OASIS standard and is the standard for documentation in all of our upstream 
partners. Because of this we have easy and standard interchange. 
Point-to-point explanations to the above. 

1. From Docbook XML we are able to transform to a wide number of target, 
presentation layer formats; including: XML, XHTML, HTML, LATEX, PDF, HTML 
Help, JavaHelp, PostScript, Text, RTF and more.

2. Thanks to XML we can validate our documents and ensure they are 
well-formed. In turn this means we have a way to consistently access our file 
using other programming languages.

3. Standards such as Entities, XInclude and XPointer enable us to reuse parts 
of content with having to duplicate it. This dramatically cuts down on our 
maintenance cycle.

4. Because XML is text and not binary we can manage patches to our documents 
more easily using patches. With a single command I can update the sources of 
any number of books within the repository. I can even manage separate copies 
of the books and merge changes between them with ease. This is great for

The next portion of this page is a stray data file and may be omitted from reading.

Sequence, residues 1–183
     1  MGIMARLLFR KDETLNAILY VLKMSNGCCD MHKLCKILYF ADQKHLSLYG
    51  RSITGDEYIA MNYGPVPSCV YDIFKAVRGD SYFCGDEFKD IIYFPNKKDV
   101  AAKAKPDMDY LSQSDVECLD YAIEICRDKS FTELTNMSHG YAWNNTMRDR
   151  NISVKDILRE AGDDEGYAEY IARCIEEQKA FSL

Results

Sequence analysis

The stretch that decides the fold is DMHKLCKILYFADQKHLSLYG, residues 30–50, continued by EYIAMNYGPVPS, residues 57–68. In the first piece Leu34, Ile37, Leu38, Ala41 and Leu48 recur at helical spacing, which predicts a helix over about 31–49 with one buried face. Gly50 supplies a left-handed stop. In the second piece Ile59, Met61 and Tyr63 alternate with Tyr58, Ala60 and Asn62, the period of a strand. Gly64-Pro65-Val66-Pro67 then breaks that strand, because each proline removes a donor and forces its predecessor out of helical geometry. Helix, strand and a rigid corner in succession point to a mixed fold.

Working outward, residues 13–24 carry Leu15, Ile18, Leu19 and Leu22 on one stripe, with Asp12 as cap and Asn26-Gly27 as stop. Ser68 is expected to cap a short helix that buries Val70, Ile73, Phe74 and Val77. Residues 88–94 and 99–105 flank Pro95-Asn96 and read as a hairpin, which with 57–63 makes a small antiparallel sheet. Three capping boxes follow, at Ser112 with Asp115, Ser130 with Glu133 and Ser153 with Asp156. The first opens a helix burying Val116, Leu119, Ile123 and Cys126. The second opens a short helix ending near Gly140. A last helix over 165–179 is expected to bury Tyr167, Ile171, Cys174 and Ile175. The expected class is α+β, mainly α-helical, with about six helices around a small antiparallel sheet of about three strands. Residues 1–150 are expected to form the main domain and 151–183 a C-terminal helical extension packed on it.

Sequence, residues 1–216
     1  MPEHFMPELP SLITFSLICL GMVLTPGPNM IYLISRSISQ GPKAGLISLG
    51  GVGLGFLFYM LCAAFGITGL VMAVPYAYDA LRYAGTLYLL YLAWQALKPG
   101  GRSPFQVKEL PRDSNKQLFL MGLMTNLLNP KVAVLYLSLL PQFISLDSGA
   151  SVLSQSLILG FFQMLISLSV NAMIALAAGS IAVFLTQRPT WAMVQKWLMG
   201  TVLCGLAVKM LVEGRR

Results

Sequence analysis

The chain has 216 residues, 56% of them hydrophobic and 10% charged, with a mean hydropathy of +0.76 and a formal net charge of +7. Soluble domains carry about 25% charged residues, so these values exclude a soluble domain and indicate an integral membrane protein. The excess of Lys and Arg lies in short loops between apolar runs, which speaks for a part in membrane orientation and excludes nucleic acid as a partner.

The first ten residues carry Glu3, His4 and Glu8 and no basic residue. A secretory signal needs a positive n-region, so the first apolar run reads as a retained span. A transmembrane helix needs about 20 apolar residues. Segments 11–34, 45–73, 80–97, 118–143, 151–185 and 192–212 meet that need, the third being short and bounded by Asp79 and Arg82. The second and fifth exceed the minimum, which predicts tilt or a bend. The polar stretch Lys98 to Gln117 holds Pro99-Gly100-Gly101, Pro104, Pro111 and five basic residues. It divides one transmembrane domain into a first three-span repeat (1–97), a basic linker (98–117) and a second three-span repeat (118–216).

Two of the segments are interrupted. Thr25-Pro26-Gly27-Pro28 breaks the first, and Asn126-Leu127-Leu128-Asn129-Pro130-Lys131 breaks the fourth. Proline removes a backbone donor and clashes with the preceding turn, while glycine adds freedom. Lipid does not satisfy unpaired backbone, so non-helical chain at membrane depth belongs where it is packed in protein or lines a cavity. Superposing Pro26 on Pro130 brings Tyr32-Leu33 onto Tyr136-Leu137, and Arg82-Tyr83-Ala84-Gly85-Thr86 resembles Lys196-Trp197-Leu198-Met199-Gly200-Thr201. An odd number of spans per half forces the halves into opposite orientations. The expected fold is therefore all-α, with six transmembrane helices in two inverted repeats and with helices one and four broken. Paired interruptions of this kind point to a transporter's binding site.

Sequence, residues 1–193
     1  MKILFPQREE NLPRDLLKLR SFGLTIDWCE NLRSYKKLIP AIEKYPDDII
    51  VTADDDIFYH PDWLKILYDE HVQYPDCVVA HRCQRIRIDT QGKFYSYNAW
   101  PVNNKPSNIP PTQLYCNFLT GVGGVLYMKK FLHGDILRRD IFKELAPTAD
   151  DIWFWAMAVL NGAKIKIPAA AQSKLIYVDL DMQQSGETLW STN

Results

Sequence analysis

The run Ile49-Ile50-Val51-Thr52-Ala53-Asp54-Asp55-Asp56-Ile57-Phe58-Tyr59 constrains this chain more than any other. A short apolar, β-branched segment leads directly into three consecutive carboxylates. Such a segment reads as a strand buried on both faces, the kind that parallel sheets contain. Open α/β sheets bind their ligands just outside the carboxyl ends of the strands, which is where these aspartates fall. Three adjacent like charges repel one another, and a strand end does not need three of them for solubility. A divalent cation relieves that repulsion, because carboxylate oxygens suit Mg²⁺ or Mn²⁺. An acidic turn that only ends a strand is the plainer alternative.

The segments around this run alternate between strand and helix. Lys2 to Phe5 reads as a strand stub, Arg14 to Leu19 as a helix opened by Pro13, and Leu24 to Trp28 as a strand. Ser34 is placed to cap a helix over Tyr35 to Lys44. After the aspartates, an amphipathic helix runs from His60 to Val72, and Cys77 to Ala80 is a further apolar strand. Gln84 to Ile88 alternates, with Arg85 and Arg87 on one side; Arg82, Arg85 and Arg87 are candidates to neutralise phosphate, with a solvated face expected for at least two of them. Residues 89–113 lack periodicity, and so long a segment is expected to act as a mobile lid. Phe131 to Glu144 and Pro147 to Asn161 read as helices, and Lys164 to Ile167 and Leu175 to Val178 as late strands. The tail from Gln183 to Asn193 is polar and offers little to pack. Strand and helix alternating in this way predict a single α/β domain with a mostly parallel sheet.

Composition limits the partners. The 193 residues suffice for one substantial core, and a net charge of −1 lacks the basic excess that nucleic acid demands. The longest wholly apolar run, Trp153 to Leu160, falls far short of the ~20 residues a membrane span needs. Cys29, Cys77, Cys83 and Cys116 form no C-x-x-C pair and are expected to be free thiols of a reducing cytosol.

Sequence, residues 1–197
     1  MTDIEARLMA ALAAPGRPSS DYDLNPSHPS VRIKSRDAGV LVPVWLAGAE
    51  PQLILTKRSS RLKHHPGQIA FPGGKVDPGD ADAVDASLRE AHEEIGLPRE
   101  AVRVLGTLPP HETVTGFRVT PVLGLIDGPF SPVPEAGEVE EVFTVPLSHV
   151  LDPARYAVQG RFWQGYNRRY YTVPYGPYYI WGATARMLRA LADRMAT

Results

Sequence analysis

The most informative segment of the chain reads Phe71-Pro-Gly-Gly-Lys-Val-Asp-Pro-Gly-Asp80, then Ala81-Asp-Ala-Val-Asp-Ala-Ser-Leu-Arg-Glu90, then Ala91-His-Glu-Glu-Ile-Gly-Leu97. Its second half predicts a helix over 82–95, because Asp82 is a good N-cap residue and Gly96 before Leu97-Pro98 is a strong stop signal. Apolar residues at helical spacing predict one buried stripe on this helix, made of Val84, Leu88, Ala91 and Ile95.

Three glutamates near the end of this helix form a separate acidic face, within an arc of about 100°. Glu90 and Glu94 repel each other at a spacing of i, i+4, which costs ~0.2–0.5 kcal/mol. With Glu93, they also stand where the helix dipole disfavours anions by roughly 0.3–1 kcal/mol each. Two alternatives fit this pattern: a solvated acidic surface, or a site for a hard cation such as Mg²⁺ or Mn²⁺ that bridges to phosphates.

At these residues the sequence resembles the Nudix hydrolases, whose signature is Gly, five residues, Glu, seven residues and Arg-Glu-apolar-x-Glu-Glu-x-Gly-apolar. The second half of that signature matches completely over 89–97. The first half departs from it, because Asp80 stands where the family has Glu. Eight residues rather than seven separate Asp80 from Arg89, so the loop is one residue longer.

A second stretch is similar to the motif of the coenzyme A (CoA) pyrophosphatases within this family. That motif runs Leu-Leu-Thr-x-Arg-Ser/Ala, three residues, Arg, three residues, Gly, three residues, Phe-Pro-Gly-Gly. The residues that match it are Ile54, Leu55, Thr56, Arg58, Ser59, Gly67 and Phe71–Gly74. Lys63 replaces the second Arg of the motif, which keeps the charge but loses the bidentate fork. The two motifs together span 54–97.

cases where we have documents for hoary and documents for breezy and 
documents for the next revision of the distro.

5. For the translation process we use the gettext system. The translators are 
hooked on po files and we have an easy way to give them what they want and 
manage this process across versions. In addition, since Docbook has generated 
texts like captions and labels, we can transform all books in the knowledge 
that the formatted output will be completely translated. We don't have to go 
back and change the title "Table of Contents," Docbook does it for us.

6. Because Docbook is XML, we have the ability to take advantage of the 
collaborative model provided by VCS systems such as Subversion, Bazaar and 
CVS. All authors can have a working copy of the docs and hack the same 
document without 'clobbering' each others work.

7. Thanks to mechanisms such as entities and XInclude and the ability for 
programatic access, we are able to implement strategies for modularity, reuse 
that dramatically improve our ability to update and maintain documents. For 
example, if we want to change the name of the distribution revision from 
warty to hoary we need only do this in one place and all document are 

8. Using XML and XSLT we are able to program the documents so that we can get 
two or more books from the same XML file. For example, I am currently writing 
an installation guide for ubuntu and kubuntu. For this I have a single file 
and have profiled the document so that I can output various formats for each